Probably it would be true to say that along the coasts of Asia Minor the Hellenistic influence was predominant, while upon the plateau the unadulterated East, Mesopotamia, Persia, Armenia, held the greater sway. The materials available for the forming of such a judgement are however too scanty.85
She goes on to group the buildings in central Anatolia by type and to describe the details of each form.86 She follows the structure of Strzygowski’s Kleinasien. Her analysis contributes by discussing in detail the examples of church forms: the basilica, cruciform, octagon and vault.
She sought to make sense of similarities between the forms; ultimately the academic purpose of this approach was to contribute to an understanding of the origins and influences of the architectural forms. But, as Mango points (p.69) out, the weakness with this typological approach is its abstraction from reality.87
This abstraction was precisely the problem Bell encountered in her synthesis of churches in central Asia Minor. Her two summary propositions were: the great variety of architectural types – ‘there is no end to the imagination of the architects’ – and ‘the marked differences in the architecture of districts very closely related geographically’.88 There were so many different types within and between each locality that in reality it was very difficult to arrange them into meaningful groups or sequences.
A key point for Bell was that there were significant local differences in the regional architecture of the Kara Dagh, Hassan Dagh and Karadja Dagh ‘districts which are geographically very closely related together’.89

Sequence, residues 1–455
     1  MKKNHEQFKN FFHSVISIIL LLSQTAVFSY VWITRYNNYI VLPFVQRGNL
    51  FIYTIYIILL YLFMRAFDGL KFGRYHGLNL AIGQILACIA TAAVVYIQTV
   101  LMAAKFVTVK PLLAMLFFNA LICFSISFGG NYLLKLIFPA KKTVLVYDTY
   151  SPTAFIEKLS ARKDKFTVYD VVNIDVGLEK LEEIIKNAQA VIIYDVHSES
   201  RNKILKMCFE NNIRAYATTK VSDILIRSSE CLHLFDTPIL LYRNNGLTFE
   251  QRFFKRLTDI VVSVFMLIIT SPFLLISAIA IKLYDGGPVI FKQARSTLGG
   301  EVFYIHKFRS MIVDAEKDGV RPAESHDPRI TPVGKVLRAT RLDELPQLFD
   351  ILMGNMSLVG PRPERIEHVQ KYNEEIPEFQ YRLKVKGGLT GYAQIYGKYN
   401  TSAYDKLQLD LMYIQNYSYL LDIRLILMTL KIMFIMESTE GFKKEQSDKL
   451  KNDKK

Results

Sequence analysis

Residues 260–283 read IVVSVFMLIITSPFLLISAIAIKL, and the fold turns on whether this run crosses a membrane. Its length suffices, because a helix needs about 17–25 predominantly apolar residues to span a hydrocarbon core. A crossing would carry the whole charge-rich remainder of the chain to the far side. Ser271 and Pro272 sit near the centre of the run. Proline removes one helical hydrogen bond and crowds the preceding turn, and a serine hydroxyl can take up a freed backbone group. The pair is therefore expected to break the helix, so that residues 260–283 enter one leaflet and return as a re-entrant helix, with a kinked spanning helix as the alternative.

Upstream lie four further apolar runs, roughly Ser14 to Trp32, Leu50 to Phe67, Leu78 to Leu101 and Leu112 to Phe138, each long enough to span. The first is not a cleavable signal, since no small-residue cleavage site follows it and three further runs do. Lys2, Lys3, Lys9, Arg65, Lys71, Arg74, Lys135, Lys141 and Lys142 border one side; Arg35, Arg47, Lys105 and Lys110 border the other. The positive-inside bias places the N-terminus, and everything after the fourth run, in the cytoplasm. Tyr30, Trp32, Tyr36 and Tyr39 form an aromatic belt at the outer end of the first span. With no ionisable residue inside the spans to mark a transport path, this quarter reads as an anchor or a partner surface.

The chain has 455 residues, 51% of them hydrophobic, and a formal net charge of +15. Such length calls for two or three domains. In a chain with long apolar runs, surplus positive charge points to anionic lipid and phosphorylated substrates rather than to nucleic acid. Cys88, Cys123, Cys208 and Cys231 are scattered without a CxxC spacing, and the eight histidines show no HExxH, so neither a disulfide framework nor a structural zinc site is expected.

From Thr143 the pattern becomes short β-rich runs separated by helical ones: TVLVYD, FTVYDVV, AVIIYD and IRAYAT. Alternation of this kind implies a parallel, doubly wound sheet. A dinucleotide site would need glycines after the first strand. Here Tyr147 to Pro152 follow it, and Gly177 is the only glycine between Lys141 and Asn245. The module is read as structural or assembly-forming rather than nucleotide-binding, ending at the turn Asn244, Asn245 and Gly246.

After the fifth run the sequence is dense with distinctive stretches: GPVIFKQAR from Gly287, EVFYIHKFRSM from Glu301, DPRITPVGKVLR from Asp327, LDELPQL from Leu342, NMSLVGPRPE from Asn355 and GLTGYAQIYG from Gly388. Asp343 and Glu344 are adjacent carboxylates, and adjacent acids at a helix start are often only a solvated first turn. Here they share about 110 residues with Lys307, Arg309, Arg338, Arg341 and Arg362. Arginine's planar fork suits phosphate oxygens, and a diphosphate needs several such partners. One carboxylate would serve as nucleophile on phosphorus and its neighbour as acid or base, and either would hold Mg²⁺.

In short, the peculiarities of each district are so salient that I should be much surprised if every separate small artistic centre on the Anatolian plateau were not found to have a separate school of its own. And this conjecture indicates the nature of the inference that must necessarily follow.90
She concluded that the art could not have been imported (e.g. from Rome) but rather was a product of local invention. Thus she argued,
The art of Central Asia Minor was not imported; an imported art would have been more homogenous. The builders were working within the limits of a native art indigenous to the soil, but within limits they worked with extreme freedom – with the freedom of creators thoroughly conversant with the laws that custom and tradition had imposed upon them.91
There is a freedom of creation within inherited constraints. This regional inventiveness apparently argues against a diffusion of ideas from outside: invention rather than borrowing.